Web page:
With the exceptions of arms dealing and music criticism, is there a profession that is less reputable than that of opinion columnists? They have been growing awfully defensive of late. The retraction of Julie Burchill’s attack on transexuals provoked a lot of chatter about the freedom of speech, while the abuse that thuggish geeks dish out on Twitter has inspired great consternation about “trolls”. I don’t disagree with any of this. While Burchill should never have been published, the erasure of her column is silly, and the calls for heads to roll over it are hysterical enough that one can imagine their being repeated to shout down more worthwhile arguments. As for people who compose pro wrestling promos over Twitter, well – they are indeed a pain.
Yet I am not going to defend the freedom of opinion columnists without observing how miserably some of them are wasting it; nor defend them from abuse without observing how some of them have encouraged the boorish narcissism they now decry. Burchill is a good example. I am sure that we are all growing tired of hearing about her so I will strive to dissect her body of work in a grisly enough fashion that no one can chirp bright-eyed platitudes about the “fearless opinions” that made her rich and “contrarian thinking” that placed her on the side of Margaret Thatcher, abortion and the Iraq War. Such courage.
It is not her opinions that make her so obnoxious but the means by which she arrives at and expresses them. She takes whichever views will satisfy her prejudices and then frames them in tones of unhinged hostility. This often leads her to be both flatly wrong and hateful. The Irish, for example, she defined as “Hitler-licking, altarboy-molesting [and] abortion-banning”. I suppose it made a change for someone to libel the people of Ireland without mentioning cider or potatoes but, still, that is shameful. “If one is a Catholic,” she wrote a couple of years ago, “Surely double-speak and duplicity are second nature”. Surely? No. My Granddad, for one, is a member of the Catholic Church and I am not sure he has ever been dishonest. I would not let someone get away with saying that in my living room; how she got paid to write it for the mainstream media is beyond me.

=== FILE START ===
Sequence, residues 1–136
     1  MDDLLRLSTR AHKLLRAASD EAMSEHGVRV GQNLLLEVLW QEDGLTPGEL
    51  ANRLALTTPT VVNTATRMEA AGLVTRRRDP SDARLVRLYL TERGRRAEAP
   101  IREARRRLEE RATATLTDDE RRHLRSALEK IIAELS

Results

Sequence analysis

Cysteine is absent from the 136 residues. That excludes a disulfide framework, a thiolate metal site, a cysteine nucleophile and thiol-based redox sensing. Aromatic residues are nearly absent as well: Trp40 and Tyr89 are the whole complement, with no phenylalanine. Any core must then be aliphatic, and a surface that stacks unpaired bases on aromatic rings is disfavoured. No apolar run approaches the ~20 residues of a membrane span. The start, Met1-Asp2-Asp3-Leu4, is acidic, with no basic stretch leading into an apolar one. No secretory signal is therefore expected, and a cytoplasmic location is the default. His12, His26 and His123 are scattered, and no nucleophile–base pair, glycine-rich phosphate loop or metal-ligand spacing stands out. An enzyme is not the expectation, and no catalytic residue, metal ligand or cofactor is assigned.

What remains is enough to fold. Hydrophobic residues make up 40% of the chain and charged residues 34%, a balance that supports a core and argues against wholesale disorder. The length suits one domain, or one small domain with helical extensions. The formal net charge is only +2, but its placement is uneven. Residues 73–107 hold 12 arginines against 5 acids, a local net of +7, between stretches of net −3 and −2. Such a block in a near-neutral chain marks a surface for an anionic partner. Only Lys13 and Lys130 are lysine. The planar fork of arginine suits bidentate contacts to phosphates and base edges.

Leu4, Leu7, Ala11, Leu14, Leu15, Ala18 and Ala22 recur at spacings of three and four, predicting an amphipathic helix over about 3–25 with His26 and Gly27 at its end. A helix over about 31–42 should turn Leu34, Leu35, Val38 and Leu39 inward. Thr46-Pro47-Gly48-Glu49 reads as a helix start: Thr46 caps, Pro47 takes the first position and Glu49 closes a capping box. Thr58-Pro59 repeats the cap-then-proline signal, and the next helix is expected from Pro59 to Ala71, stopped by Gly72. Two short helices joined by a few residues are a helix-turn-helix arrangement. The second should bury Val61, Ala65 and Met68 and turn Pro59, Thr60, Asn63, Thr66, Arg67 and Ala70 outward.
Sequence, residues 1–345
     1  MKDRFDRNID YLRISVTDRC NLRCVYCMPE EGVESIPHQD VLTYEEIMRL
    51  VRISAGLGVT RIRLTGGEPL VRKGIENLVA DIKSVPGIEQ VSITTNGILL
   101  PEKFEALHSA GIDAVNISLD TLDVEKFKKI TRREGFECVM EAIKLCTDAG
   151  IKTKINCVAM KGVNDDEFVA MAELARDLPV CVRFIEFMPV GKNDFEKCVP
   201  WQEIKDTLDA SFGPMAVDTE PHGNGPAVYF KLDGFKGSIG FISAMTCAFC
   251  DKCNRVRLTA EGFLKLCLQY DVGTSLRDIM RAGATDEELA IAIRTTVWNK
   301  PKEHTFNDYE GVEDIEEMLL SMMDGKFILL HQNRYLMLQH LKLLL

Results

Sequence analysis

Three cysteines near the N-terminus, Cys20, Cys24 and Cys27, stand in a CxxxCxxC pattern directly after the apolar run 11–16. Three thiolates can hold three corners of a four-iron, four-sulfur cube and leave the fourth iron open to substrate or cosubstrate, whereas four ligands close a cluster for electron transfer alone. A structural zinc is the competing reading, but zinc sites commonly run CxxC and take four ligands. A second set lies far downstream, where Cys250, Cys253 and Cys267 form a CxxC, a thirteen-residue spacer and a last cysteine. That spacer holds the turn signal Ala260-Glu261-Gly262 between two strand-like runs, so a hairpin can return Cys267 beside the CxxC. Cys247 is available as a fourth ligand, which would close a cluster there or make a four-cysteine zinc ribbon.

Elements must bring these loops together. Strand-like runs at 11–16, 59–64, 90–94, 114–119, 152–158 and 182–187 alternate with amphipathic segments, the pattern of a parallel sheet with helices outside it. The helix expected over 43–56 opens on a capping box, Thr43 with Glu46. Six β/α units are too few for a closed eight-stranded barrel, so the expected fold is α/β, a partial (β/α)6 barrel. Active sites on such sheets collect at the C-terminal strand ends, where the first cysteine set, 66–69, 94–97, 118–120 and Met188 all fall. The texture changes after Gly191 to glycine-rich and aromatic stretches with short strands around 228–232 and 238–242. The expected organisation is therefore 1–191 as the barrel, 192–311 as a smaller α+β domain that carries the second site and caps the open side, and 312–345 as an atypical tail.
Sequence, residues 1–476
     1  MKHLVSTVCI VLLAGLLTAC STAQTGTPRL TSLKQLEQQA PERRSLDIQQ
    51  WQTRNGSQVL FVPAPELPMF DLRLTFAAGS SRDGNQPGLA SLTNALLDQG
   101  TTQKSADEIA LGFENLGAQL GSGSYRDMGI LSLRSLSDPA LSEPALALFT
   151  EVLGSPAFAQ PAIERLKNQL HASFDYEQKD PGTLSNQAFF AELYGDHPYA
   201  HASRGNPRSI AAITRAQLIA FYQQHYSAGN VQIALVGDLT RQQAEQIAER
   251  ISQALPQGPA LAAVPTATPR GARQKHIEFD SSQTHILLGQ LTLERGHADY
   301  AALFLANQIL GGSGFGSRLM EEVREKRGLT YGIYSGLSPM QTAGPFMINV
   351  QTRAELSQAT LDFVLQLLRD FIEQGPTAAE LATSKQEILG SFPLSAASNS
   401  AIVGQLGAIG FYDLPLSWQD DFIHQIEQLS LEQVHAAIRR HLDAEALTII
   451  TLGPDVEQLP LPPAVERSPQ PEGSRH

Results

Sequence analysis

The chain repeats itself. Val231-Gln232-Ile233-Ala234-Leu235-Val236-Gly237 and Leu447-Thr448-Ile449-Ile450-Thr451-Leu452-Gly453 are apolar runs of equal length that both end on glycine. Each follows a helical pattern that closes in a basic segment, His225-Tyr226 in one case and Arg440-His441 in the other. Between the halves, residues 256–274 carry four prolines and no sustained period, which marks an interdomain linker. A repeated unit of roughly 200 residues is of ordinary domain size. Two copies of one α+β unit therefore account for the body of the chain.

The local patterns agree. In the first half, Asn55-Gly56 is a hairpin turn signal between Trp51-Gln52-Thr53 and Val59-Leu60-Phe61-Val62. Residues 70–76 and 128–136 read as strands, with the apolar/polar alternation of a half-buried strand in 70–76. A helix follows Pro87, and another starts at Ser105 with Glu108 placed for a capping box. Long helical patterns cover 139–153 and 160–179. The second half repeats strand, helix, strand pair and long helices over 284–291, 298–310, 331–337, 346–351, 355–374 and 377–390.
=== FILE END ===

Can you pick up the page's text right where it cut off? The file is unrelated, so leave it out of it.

Burchill is not a thinker. She can think, I am sure, but she has been so fêted for mindlessness that she has never had to. The target that she defines herself as opposing, then, is hypocrisy: the dullest of vices to criticise because one is, in essence, issuing ad hominems. Admired though she is for her character assassinations, even these have struck me as inept; reliant upon the force with which they are expressed rather than the incisiveness of their content. George Monbiot, for example, she described as being “spoon-fed…and…having no idea what real life is about”. One might argue that a person who got into journalism in their teens and has subsisted off cocaine and bubbly since has as much right to brandish their working class roots as Snoop Dogg does to speak of life in the ghetto but one should also note that Monbiot has been attacked by gunmen in Maranhão; mutilated with a fencing spike at Solsbury Hill and afflicted with cerebral malaria in Lodwar. I am no great admirer of his journalism but “silver spoon”? That sounds far closer to “fearless”.
It would be unfair to treat her as an aberration. One could bring up the thuggishness of Rod Liddle, for example, who spent one blogpost describing Owen Jones as a “halfwit”, “pig-ignorant idiot” and, through the medium of a friend, “fucking…tosser” and followed it with another in which he expressed his wish that someone would collar George Monbiot “smash his spectacles and spit on his shoes”. One could speak of the indifference to the truth that Nick Cohen has displayed on multitudinous occasions. One could force oneself to think of Harry Cole, who unapologetically smears a fellow citizen as a terrorist.
I suppose columnists have to ask themselves what they exist to do. If it is merely to entertain none of the above should concern them. If it is to inform, edify and produce literature to rank alongside of that Orwell, Mencken and others, however, they should be ashamed of the tawdry and often unreadable obscurantism that characterises much of their professional class. This encourages censors and empowers thugs, and if we are going to aid them in facing either we should insist that they take a long, hard look at themselves.